1 Claim, 11 Drawing Figures PATENTED M 1 3' 885 861 I SHEET 1 Fig. 2.

Voltage Source Confrol I56 PATENTED HAY 2 7 i9?5 SHEET Fig.4b.

Fig. 40.

Fig. 5b.

Fig. 5G.

PATENTEU W2 7 i975 SHEET Fig.7.

Volts Fig. 6b.

Fig. 6a.

LIQUID CRYSTAL DIGITAL RETICLE This is a division of application Ser. No. 293,978, filed Oct. 2. 1972, and now abandoned.

BACKGROUND OF THE INVENTION 1. Field of the Invention This invention relates to a liquid crystal cell fabricated to serve as a digital reticle which is particularly useful as a moving reticle for any type of reticle application. It can, for example, be used to provide steering or aiming information in conjunction with weapons fire control systems. missile guidance systems, or the like. It is particularly applicable to, but not restricted to, a steering system associated with a strap-down seeker which system uses the moving reticle in conjunction with a laser designator and a fire control computer.

The general systems aspects of such an application for any kind of digital reticle is set forth in greater detail in an application filed simultaneously with this application entitled Inertialess Digitally Adjustable Reticle by C. F. Knapp Ser. No. 294,056, filed Oct. 2, I973, and now abandoned which is assigned to the same assignee as this application. The liquid crystal reticle of the present invention can be used in the system disclosed therein or in any other application requiring an electrically actuable digital reticle.

2. Prior Art Liquid crystal substances have been known as a scientific phenomenon since the l890s. It is only in relatively recent years, however, that substances have been made available which operate as liquid crystals over a reasonable temperature range including room temperature. The first application of such more recent liquid crystal substances has been to the field of display devices of either the alpha-numeric type or the pictorial advertising type.

A general discussion of this subject was published in the April 1970 issue of the magazine Scientific American" at page lOO in an article entitled Liquid Crystal Display Devices" by George H. Heilmeier. A discussion of the application of these devices was published in the magazine Electronics at page 64 of the issue of July 6, I970 in an article by Joseph A. Castellano.

Typical ofthe prior art patent literature are such U.S. Patents as U.S. Pat. No. 3,499,1 12 issued to G. H. Heilmeier on Mar. 3, l970, U.S. Pat. No. 3,581,002 issued to W. J. Dodds on May 25, I971, and U.S. Pat. No 3,647,280 issued to R. I. Klein on March 7, I972.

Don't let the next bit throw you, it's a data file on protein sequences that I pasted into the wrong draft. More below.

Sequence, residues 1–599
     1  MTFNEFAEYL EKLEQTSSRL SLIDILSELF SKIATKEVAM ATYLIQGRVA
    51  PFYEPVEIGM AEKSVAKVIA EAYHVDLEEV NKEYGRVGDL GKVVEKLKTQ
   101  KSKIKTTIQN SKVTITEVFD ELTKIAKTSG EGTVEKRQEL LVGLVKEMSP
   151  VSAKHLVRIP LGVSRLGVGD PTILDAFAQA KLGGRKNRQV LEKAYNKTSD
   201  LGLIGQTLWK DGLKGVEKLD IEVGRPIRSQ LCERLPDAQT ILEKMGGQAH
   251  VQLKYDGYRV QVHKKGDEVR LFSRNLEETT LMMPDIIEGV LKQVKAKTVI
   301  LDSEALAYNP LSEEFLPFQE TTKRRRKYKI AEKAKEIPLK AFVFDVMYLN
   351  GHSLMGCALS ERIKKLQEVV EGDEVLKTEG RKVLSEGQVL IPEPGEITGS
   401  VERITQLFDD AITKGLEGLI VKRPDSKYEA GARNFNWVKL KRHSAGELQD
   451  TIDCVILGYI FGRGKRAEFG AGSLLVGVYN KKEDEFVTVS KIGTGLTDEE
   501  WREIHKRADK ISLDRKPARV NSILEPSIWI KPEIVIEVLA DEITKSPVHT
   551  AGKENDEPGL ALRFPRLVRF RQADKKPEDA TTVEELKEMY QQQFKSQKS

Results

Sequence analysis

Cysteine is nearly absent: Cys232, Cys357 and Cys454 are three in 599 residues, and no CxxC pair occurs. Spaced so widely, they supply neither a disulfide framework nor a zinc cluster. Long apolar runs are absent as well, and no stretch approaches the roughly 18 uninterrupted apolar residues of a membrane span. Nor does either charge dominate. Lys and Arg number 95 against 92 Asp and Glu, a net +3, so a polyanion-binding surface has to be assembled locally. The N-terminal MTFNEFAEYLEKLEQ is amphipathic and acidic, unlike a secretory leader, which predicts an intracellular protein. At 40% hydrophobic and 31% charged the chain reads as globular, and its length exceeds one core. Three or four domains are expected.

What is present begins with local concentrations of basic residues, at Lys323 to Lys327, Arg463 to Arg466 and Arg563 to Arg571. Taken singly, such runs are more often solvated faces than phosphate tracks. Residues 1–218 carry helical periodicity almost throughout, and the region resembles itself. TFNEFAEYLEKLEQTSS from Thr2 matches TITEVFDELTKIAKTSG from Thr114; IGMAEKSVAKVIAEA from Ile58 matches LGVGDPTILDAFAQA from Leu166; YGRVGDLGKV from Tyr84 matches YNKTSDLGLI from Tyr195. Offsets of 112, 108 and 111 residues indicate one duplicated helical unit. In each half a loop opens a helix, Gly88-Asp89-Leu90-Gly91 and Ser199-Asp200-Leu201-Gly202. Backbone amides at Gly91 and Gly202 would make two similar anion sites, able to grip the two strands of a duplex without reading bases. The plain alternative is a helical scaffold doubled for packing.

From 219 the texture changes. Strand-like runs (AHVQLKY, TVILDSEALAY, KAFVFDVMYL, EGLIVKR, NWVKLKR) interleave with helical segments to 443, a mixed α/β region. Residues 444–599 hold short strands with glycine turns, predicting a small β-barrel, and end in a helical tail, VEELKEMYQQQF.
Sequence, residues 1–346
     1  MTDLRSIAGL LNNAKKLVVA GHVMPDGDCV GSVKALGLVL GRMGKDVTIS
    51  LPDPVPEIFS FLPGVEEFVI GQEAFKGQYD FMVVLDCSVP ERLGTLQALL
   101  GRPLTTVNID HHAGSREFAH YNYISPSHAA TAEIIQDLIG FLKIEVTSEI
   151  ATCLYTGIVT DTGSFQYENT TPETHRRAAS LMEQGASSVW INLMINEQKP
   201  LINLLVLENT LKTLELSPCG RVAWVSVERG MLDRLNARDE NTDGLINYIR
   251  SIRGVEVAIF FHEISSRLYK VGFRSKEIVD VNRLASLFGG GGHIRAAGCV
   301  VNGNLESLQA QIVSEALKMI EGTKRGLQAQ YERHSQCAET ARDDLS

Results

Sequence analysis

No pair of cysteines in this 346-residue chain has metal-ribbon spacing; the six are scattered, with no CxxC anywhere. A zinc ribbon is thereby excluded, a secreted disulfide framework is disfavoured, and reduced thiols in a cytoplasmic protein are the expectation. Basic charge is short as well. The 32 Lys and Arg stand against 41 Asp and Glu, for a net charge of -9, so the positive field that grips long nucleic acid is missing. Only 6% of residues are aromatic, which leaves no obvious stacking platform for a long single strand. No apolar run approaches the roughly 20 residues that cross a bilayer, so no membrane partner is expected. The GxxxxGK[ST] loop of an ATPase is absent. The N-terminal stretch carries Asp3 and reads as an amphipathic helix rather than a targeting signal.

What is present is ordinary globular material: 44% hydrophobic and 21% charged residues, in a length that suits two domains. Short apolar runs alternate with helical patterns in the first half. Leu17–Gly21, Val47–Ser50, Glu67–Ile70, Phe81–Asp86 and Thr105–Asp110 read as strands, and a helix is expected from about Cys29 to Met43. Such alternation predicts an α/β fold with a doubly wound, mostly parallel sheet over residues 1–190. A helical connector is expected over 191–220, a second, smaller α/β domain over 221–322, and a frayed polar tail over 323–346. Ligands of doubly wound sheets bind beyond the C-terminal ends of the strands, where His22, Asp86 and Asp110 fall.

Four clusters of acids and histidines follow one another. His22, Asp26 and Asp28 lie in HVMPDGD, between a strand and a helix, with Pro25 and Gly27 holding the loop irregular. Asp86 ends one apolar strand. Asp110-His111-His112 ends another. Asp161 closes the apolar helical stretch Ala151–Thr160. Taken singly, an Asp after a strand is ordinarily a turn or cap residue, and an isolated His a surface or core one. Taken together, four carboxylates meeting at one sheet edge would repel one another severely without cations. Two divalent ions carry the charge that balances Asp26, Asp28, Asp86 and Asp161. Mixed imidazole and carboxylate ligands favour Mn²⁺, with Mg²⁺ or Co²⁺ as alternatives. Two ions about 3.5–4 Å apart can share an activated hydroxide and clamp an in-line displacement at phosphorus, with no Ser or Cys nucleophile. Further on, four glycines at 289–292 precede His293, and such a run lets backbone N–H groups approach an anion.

The Heilmeier patent discloses a liquid crystal cell having two glass plates with a set of horizontal transparent conductors on one plate and a set of vertical tansparent conductors on the other plate. However, the actuating mechanism or circuitry for the cell is such as to apply voltages of a nature sufficient only to excite the intersection points of two of the conductors. These voltages are applied in rapid sequence to a program selectable set of such intersection points so that after the fashion of sweeping a raster in a TV picture, a picture may be generated by actuation in rapid sequence of a predetermined set of points. There is no discussion of cross-coupling nor any means for selecting only two conductors to activate all intersections under both with a single voltage to form the two cross-hairs in a reticle. The Kline patent illustrates a liquid crystal cell in which a cross pattern is displayed as a display design, but it is clearly of a dimension which precludes its use as a reticle. Furthermore, Kline uses layers or sheet conductors of transparent electrodes and dielectrics to define his images in a manner unrelated to the techniques of our invention. As in Heilmeier. Klines intention is to form an image for display purposes.

In the Dodds patent a liquid crystal device is provided which is intended to form graticle patterns to be used over the face of a cathode ray tube. The problem to which this Dodds invention is directed is analogous to the problem solved herein, but the solution is entirely different and could not be used in a device where spacing between switch selectable reticle positions is as small as is necessary for reticle purposes. The Dodds structure puts both vertical and horizontal conductors on one plate and uses the other plate as a common return by providing a sheet conductor electrode thereon. Such a structure requires a transparent layer of insulating dielectric at each point where a horizontal graticle line crosses a vertical graticle line. Such insulation is difficult to manufacture and becomes increasingly difficult as the spacing between lines decreases. The insulating layer must be wider than the conductive layer in order to be effective. This sets a limit on the conductor spacing and produces discontinuities in the line pattern where a large number of fine lines is used to an extent that would destroy the effectiveness of a line being used as a sighting reticle. The Dodds device is suitable for defining a measuring scale on the face of a cathode ray tube or the coordinates of latitude and longitude thereon, which is his intended function, but it is not practical for use in a digitally adjustable reticle for sighting on a target through a telescope or other optical system. Again, Dodds has no teaching of the crosscoupling or cross-talk phenomenon in a liquid crystal cell which makes possible applicants solution to the problem of producing a digitally adjustable reticle with such a cell.

SUMMARY OF THE INVENTION In order to overcome the shortcomings of the prior art and provide a reticle which is adjustable in minute increments in a digital fashion, there is provided in a preferred exemplary embodiment a liquid crystal cell comprising two glass plates with a layer of liquid crystal material confined between them. The plates may, for example, be rectangular and be held in parallel spaced relationship to each other by a mylar or other spacer. One of the plates has a plurality of fine transparent conductors arranged parallel to each other and extending in a horizontal direction. The other plate has on it a similar plurality of parallel transparent conductors extending in a vertical direction. Circuit means are provided for applying a voltage between one of the horizontal conductors and one of the vertical conductors. The liquid crystal cell is positioned on and orthogonal to the optical axis of a target sighting device having an objective lens and a detector such as an eyepiece lens and is preferably located at one of the focal planes of the objective lens system.